Practical Support for Women in Agtech

Storytelling isn’t enough to create lasting change. Resources, tools, funding, and mentorship are critical to cultivating a new generation of women leaders in agriculture and Agtech.

In 2020, I was a part of launching the Women in Agrifoodtech Directory. A joint effort among a small group of women leaders in Agtech including Connie Bowen of AgLaunch, Pam Marrone of Marrone Bio Innovations, Louisa Burwood-Taylor of AgFunder, Danielle Gould of Food+Tech Connect, and Sarah Nolet of Tenacious Ventures, the directory makes it easier for women in Agrifoodtech to connect with each other, along with investors, growers, and Agribusiness leaders. There are now over 700 names in the directory.  

There is power in numbers, and it takes a community to drive change. To inspire the next generation of women to consider opportunities in Agrifoodtech, the focus needs to be on creating tangible tools that they can use — more resources, more connections, and more bridges towards funding and collaborations. This is the true power of the directory, which has yet to be fully realized.

A Fast-Changing Industry

A lot has changed in the Agtech sector in recent years. Farmers in the U.S. and elsewhere are embracing new innovations to help them operate and grow more efficiently. This includes using drones for aerial imaging and land surveying, tools for collecting data on invasive species and nutrient deficiencies, and robots that plant and harvest to tackle labor shortages.

The word Agtech has been extended to Agrifoodtech, as the sector now includes more innovation related to Foodtech and Agbio. The Agrifoodtech sector has also grown in terms of investment — according to AgFunder, Agrifoodtech startups globally raised $24 billion in the first half of 2021 alone, close to the amount raised in all of 2020. There is a strong demand for investments that focus on climate, sustainability, and food security. The pandemic has also sparked wider interest in food systems and supply chains from consumers. To some degree, everyone has experienced disruption in food supply in recent years.

This is a sector full of opportunities for investors, entrepreneurs, and those who want to explore careers in the space. Agtech offers opportunities for a more diverse workforce as it requires skills and talents that are more varied than in traditional agriculture. It opens job opportunities to segments of the population who have traditionally not been the leaders and key decision-makers in these sectors. My hope is that this expansion brings more women to the table.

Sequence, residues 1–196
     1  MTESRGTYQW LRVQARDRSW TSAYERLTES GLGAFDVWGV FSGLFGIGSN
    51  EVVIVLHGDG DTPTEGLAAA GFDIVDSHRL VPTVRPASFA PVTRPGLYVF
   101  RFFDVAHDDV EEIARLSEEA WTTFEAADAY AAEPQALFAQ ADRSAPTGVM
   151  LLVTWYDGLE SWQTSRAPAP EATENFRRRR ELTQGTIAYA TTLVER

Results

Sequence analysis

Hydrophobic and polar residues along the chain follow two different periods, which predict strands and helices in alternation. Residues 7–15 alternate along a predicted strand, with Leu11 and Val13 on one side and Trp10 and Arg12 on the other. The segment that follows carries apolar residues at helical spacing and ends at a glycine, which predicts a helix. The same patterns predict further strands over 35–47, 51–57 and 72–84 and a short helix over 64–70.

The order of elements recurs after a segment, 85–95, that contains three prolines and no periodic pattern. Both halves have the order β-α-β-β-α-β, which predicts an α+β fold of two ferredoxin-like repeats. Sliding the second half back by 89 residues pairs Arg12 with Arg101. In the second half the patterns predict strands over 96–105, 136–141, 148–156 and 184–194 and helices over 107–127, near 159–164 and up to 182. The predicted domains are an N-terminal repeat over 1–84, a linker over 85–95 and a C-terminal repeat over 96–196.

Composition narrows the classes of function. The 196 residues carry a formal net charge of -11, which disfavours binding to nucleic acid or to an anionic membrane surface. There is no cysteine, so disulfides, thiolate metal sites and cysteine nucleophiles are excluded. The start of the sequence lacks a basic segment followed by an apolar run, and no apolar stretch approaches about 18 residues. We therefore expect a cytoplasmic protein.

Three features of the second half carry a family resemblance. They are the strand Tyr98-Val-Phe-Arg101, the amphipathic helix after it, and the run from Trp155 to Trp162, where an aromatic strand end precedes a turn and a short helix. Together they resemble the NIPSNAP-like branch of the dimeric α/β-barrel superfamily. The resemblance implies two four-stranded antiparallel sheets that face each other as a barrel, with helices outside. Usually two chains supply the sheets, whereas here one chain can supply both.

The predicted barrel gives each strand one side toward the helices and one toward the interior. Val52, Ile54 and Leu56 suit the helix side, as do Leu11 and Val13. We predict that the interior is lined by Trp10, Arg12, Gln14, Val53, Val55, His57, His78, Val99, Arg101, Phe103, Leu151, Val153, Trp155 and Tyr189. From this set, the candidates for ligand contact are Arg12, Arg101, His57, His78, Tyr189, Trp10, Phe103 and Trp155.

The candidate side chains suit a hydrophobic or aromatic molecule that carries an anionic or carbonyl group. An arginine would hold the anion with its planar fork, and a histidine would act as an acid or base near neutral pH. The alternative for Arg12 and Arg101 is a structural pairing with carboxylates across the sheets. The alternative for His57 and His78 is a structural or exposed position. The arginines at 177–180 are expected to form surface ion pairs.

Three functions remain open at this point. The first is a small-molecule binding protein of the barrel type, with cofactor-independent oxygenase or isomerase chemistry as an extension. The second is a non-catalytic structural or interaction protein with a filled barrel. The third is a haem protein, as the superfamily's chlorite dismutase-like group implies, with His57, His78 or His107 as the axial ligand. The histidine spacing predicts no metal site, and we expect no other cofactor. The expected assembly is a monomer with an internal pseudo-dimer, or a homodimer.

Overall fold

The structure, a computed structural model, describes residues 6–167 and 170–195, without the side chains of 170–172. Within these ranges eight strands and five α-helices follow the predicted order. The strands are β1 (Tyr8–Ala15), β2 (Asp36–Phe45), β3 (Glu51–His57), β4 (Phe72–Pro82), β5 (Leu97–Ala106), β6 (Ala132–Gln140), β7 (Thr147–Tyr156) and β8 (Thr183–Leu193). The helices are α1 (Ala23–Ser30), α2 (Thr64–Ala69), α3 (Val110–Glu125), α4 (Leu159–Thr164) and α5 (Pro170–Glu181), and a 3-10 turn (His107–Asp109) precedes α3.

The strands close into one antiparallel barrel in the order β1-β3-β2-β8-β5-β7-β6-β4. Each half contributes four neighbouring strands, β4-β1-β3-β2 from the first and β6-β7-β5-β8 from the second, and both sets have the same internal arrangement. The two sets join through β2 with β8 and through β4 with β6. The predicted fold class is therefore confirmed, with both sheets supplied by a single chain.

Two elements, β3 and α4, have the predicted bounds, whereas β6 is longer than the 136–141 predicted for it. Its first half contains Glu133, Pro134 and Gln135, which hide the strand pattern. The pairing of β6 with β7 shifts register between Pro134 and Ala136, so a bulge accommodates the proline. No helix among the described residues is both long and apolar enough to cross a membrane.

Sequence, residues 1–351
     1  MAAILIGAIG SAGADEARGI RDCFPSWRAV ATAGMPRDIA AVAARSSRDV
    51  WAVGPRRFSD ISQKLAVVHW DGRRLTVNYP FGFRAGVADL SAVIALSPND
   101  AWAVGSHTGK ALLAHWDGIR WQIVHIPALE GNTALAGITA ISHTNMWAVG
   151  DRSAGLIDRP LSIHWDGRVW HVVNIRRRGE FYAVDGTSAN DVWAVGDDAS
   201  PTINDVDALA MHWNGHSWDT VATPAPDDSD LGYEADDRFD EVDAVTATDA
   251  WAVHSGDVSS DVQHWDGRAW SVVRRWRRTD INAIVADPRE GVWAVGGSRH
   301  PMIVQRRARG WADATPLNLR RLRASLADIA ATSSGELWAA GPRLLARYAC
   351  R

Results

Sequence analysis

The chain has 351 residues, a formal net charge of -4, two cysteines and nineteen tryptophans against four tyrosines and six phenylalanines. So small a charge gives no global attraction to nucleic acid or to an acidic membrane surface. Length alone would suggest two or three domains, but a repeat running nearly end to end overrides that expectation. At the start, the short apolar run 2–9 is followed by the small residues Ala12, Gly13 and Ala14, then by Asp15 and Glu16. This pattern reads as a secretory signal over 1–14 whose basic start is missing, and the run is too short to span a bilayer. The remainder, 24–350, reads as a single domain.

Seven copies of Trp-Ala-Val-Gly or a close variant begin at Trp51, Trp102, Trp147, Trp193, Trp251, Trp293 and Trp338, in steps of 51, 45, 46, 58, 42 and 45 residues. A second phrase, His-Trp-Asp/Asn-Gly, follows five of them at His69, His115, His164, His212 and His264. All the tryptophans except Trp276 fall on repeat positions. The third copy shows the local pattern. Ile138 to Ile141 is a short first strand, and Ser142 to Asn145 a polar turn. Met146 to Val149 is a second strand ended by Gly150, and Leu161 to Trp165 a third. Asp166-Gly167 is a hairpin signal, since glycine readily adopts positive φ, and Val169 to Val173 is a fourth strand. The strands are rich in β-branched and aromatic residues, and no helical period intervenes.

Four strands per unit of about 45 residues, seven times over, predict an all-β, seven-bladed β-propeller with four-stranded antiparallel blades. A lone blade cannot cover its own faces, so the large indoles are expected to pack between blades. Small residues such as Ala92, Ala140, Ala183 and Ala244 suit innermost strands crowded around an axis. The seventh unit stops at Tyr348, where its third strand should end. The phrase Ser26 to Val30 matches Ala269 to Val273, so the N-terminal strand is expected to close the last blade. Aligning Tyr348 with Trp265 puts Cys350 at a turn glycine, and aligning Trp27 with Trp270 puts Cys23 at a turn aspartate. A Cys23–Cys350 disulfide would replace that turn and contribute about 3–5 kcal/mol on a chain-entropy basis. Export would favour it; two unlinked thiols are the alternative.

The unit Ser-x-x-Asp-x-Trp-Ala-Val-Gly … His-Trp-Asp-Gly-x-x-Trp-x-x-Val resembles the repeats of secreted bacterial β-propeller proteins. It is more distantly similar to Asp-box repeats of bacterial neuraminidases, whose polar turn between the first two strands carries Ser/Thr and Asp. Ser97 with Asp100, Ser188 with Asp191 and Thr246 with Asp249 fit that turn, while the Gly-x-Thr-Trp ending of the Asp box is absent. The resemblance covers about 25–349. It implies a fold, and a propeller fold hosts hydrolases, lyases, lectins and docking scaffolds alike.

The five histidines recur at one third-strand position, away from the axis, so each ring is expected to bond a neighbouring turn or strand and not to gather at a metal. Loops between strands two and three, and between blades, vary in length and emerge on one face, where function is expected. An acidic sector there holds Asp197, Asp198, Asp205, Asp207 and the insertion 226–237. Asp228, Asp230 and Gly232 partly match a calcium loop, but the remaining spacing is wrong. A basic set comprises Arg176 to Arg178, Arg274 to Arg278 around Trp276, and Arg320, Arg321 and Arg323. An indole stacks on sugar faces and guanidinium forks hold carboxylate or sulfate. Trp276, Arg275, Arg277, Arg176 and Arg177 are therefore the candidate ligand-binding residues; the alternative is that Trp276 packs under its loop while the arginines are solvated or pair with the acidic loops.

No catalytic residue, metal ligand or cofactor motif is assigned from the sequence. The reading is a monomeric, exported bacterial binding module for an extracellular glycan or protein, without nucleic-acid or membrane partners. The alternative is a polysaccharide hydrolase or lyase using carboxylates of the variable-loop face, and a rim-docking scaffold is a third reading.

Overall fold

A Growing Community of Women in Agriculture

I am often asked what happened to the women featured in the film and the book. Out of the nearly 40 women profiled, the majority remain in the food ecosystem, whether it be continuing to grow their venture, serving as a leader in Agribusiness or the food industry, or entering policy.

Shefali Mehta of Open River Consulting Associates was named the USDA Deputy Undersecretary of Research in 2021, and Beth Bechdol is the Deputy Director General of The Food and Agriculture Organization under the United Nations.

Some sold their startups and moved to other ventures — Christine Su, the co-founder of PastureMap, sold the company in 2020 and now works at Twitter. Others forge forward to build their companies — Poornima Parameswaran, the co-founder of Trace Genomics, was named president of the company in early 2022. Martha Montoya, the founder of AgTools, and Ellie Symes, the founder of The Bee Corp, have strong presences in major industry organizations including The World Ag Expo.

There’s also a tremendous pipeline of new female founders who have graciously shared their stories with me in the hopes of inspiring the next generation of women. The names are multiplying, and at times I feel I can’t work fast enough to keep up with the momentum — a good challenge to have!

There’s no doubt that agriculture remains male dominated, but with increased awareness of the need for sustainable food supply, growing global access to new technologies, and dedicated initiatives to support women in the Agtech sector, I am confident that a paradigm shift is well underway.